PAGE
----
Rabbi Aaron Goldstein – 12 January 2018
There is a difference between what our commercialised society calls, ‘instant or immediate gratification and a sense of immediacy: a here-and-now moment and the opportunity of You-Me talk. Such moments help us to orient our lives and to make sense of relationships. When we resist the call of commercialism and electrical entertainment, we might experience more intimate moments like that when we were in the comfort of our homes, with just our families or closest friends.
Let us not make light of immediacy – it may have negative consequences. A Moses stood in front of Pharaoh might have been how we make ourselves vulnerable, take a risk, perhaps even ‘getting it wrong.’ Immediacy in the Biblical parlance is saying, ‘Hineini:’ ‘Here I am’ with all my being, no distractions, just You and Me. It takes time to experience immediacy and to be able to say with full attention and integrity, ‘Hineini:’ ‘Here I am.’ Depending on whether you view the scene at the Burning Bush with dramatic intensity or with comic affect, God calling, ‘Moses, Moses,’ might contain a pause between the two calls of varying lengths and then before Moses responds, ‘Hineini:’ ‘Here I am.’
The pause symbolises an awakening of senses: A moment that we have been waiting, longing for, or an extended pause whilst we analyse risk, of relationships, trust, boundaries, perhaps how to broach differences. So too in our sidrah of Va-eira, there are pauses that suggest immediacy, You-Me relationships, being able to place one’s whole self in the moment is not the same as instant gratification, certainly is not a quick fix.
Firstly, in the opening verses, at least three names of God are introduced:
Elohim, spoke to Moses and said to him, “I am Adonai. I appeared to Abraham, Isaac and Jacob as El Shaddai, but I did not make Myself known to them by My name, Y-H-V-H.” (Ex 6:2-3).
There is an unfurling of the relationship of our ancient ancestors with God. Different names are used, perhaps as our people developed or their awareness understanding and acceptance of God matured. It was not and should never be static for it is a growth through an individual life and that of a whole People. The ancient Rabbis developed their own names for God and we too need to develop our own nomenclature in every generation lest our secular and religious sophistication diverge.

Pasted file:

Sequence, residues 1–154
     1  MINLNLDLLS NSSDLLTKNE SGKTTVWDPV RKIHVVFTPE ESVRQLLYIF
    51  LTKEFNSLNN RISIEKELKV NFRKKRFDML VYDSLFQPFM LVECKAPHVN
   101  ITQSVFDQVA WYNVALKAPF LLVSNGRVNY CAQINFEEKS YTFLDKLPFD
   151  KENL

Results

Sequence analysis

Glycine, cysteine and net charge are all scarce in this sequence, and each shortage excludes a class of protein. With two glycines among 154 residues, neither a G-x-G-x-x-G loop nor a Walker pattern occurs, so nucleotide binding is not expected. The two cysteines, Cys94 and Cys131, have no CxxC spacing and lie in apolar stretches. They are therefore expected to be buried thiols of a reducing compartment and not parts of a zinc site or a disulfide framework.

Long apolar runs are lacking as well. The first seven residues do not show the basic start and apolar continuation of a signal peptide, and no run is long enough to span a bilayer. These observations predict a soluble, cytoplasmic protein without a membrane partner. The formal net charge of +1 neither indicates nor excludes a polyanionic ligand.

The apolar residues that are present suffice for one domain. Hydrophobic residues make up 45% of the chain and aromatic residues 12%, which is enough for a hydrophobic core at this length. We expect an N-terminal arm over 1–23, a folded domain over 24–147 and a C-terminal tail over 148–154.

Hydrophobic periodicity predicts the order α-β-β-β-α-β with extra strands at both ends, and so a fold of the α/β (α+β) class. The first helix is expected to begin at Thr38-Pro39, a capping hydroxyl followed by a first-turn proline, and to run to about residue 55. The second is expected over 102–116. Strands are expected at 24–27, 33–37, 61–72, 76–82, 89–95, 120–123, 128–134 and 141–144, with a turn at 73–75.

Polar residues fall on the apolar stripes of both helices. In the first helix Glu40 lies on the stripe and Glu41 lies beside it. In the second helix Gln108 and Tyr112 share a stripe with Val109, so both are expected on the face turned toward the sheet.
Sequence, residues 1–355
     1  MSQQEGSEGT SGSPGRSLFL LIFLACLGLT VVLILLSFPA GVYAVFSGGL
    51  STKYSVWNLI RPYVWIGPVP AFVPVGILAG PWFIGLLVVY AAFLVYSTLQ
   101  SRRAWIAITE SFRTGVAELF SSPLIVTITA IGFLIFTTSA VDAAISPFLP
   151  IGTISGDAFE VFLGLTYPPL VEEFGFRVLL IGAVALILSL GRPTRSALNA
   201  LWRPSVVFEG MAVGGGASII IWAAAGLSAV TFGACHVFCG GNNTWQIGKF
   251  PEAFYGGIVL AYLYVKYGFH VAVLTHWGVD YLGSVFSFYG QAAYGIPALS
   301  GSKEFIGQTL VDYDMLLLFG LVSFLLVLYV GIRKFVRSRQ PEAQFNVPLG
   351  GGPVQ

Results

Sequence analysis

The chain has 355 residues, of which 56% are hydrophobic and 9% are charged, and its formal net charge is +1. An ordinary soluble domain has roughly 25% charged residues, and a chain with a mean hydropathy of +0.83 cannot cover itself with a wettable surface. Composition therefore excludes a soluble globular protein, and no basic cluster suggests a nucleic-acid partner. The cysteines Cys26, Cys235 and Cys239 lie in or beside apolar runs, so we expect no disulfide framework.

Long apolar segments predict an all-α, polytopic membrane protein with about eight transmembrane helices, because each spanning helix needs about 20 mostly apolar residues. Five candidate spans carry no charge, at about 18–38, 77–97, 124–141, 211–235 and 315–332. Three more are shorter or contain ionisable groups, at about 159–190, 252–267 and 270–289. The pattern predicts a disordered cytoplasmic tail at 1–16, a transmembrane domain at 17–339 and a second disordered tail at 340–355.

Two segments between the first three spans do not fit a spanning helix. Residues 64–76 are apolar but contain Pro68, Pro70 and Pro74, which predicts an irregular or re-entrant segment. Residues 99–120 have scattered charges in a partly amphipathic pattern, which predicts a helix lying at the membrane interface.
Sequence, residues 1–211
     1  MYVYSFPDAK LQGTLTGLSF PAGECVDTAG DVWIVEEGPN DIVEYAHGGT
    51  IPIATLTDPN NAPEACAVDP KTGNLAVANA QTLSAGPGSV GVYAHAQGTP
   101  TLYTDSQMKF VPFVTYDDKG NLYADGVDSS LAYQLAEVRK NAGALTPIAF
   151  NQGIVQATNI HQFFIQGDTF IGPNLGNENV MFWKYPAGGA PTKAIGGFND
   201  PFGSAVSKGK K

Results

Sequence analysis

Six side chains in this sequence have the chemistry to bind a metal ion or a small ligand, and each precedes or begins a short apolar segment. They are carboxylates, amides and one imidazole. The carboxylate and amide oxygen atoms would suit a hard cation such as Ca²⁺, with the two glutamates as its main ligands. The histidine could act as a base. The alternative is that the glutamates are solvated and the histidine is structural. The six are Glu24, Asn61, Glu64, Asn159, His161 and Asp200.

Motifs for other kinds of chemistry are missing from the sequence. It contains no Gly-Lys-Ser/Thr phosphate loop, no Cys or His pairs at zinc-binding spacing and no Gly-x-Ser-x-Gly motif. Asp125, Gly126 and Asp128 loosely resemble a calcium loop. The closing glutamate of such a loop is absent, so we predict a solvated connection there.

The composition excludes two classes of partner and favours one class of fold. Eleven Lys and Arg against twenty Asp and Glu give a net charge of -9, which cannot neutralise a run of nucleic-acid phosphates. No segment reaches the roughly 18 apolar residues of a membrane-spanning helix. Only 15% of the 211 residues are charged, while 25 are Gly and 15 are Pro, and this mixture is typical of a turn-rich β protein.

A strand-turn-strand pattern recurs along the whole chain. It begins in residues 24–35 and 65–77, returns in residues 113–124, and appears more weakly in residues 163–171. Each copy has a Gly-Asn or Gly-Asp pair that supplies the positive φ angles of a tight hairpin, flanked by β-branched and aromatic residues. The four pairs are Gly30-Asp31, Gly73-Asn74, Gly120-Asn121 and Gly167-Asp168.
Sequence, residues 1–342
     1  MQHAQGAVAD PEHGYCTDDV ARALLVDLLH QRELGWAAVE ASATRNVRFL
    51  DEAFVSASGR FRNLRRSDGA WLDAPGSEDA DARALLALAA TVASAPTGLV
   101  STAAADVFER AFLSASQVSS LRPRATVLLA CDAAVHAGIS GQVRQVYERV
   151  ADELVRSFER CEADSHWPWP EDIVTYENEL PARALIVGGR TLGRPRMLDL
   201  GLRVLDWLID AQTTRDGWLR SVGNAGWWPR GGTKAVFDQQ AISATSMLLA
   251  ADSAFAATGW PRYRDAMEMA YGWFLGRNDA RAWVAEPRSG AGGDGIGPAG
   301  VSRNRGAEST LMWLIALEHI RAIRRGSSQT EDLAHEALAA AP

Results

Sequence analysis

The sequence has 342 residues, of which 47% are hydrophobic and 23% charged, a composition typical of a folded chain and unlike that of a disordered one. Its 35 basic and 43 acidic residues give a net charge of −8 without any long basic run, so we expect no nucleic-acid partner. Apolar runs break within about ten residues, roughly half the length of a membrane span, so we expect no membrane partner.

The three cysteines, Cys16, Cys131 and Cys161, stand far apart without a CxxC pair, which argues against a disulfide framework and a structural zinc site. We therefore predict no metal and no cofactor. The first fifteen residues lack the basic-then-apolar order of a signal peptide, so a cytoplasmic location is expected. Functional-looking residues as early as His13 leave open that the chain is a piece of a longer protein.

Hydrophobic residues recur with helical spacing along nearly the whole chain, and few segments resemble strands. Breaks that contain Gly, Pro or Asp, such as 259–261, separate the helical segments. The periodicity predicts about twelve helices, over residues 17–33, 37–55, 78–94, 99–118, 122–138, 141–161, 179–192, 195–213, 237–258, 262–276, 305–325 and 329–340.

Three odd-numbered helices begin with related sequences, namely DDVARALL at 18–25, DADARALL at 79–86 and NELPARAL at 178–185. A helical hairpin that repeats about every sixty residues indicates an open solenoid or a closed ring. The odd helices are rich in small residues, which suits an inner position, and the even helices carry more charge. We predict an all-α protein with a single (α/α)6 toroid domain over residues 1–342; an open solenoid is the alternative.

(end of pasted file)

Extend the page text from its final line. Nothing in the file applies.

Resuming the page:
Even though the Israelites descent into degradation is described in a matter of verses, our Sidrah suggests this happened over a more realistic timescale. The use of the preposition, ‘V’gam’, ‘And also’ slows the pace of the narrative.
“And also I established My covenant with them” (Ex 6:4)
“And also I heard the groaning of the Israelites because the Egyptians are holding them in bondage” (Ex 6:5)
“And I will take you to be My People” (Ex 6:7)
“And I will bring you to the Land” (Ex 6:8)
Our lives do not unfurl all at once. Many are the obstacles for us to overcome and at the same time, our lives are marked with moments of immediacy, of the manifestation, the realization that we have moved forward, we have climbed, one step, one rung at a time.
Finally, before the Torah narrative suddenly speeds through the first six plagues to afflict Pharaoh and the Egyptians, we take a genealogical intermission. As ever, the lineage described is full of purpose and clearly retrospective in its inclusion and exclusion. The Levites as a tribe are placed centre stage: Moses is less important than Aaron in the future and the names selected for mention provide both the Priestly and Davidic lines, the ecclesiastical and secular leadership of later Israel (Lekach Tov).
The immediacy of our relationships, their true nature is always understood in retrospect. We do not have the advantage of crafting a Torah to write back in what we would have done, what we should have said. Yet at moments, we have the opportunity to re-sensitise ourselves, to acknowledge our motives for past behavior and demand of ourselves, that the story of our lives when complete, will be as we would be proud for it to be told.
As with our Sidrah, our stories are defined by our relationships, how we take the opportunities presented to us to say ‘Hineini – Here I Am,’ with all my being, for our families and our friends and the part in the unfurling of our People’s history, through our Community and the legacy we leave for wider society. We have the opportunities throughout our lives but days such as these remind us of their importance. And we have the opportunities to define our lives by an occasion such as this, marking a moment in a life, celebrating with family, friends and community; and we have opportunities to define our relationship with God, seeking to redefine our relationship perhaps in the way that we address the Divine Presence in our lives – paths that rewarded by intimacy not instant gratification.
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